As millions of sockeye salmon forge their way up the Fraser River, arguments are erupting in their wake - including a debate over whether regulators should allow more fish to be caught to prevent traffic jams in the streams and channels where the salmon go to spawn.
Overcrowding could result in millions of fish dying before they spawn and a needless waste of fish, University of British Columbia fisheries expert Carl Walters said this week.
In bustling Steveston, fishermen voiced the same concern.
"We should have been taking this sockeye earlier," said Scott McClenaghan, as he prepared to take the 60-foot Cape Flattery back out to Johnstone Strait. He's already harvested 18,000 sockeye in two trips this month.
Not everybody believes more fishing is required. Some vulnerable runs, such as the Cultus Lake sockeye, could be hurt if significantly greater numbers of fish are taken at the mouth of the Fraser, said Ernie Crey, a fisheries adviser with the Sto:lo Tribal Council.
Most of the sockeye now headed up the Fraser are "late-run sockeye," comprising four different strains of the fish. There are as many as 40 different runs of sockeye on the river.
On Friday, the Pacific Salmon Commission increased its estimate for the Fraser River sockeye salmon run to 30 million, up from 25 million earlier in the week. The run is expected to be the biggest since 1913.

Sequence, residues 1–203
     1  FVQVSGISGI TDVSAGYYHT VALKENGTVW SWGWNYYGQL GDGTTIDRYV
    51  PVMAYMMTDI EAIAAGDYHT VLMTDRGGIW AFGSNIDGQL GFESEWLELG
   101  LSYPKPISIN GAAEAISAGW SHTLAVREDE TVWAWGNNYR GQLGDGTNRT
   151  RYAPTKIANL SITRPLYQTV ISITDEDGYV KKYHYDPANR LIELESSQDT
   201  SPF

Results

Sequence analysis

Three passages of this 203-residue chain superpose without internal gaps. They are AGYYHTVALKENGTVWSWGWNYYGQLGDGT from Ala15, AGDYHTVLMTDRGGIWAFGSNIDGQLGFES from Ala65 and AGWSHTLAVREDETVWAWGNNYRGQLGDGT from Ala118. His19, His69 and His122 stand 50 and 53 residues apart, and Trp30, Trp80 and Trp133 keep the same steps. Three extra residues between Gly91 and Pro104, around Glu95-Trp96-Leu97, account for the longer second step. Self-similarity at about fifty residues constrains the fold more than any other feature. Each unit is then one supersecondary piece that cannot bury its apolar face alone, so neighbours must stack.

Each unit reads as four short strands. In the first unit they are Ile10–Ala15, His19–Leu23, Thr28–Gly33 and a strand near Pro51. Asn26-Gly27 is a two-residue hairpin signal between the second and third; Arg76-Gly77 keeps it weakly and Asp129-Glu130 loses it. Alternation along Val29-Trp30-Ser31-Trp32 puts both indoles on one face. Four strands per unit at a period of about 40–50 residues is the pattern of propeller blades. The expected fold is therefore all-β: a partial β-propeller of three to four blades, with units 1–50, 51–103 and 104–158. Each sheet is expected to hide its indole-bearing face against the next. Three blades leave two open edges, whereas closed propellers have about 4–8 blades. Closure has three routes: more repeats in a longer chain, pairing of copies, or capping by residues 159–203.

That's meant a banner year for fishermen, ranging from Indian bands who use nets up the Fraser River canyon to big boats that hunt for fish in Johnstone Strait.
Albion Fisheries, which buys fresh and frozen salmon and sells it to restaurants and grocery chains, is aggressively pitching B.C. sockeye to customers.
"The benefit for us is that prices continue to drop and there's more access to better-priced, high-quality fish," said Albion vice-president Guy Dean. At this time of year in previous seasons, Albion would have been telling customers to purchase Coho salmon that the company would get from Alaska. Now, Albion is pushing sockeye.
The Canadian Fishing Company has been shipping fresh sockeye up to its plant in Prince Rupert for canning, said vice-president Robert Morley. At its plant in the Lower Mainland, about 350 people - double the number who worked there last year - are busy processing and packing seine-caught salmon for sale as fresh and frozen product.
The company's plants in Prince Rupert and Vancouver have been running full-tilt since early July, compared with a typical season of a few peak weeks in summer, Mr. Morley said.
"Normally everyone puts it on special for a week or two and then it's gone," Mr. Morley said. "We've never seen so much fresh product go to the market."
With a report from David EbnerReport Typo/Error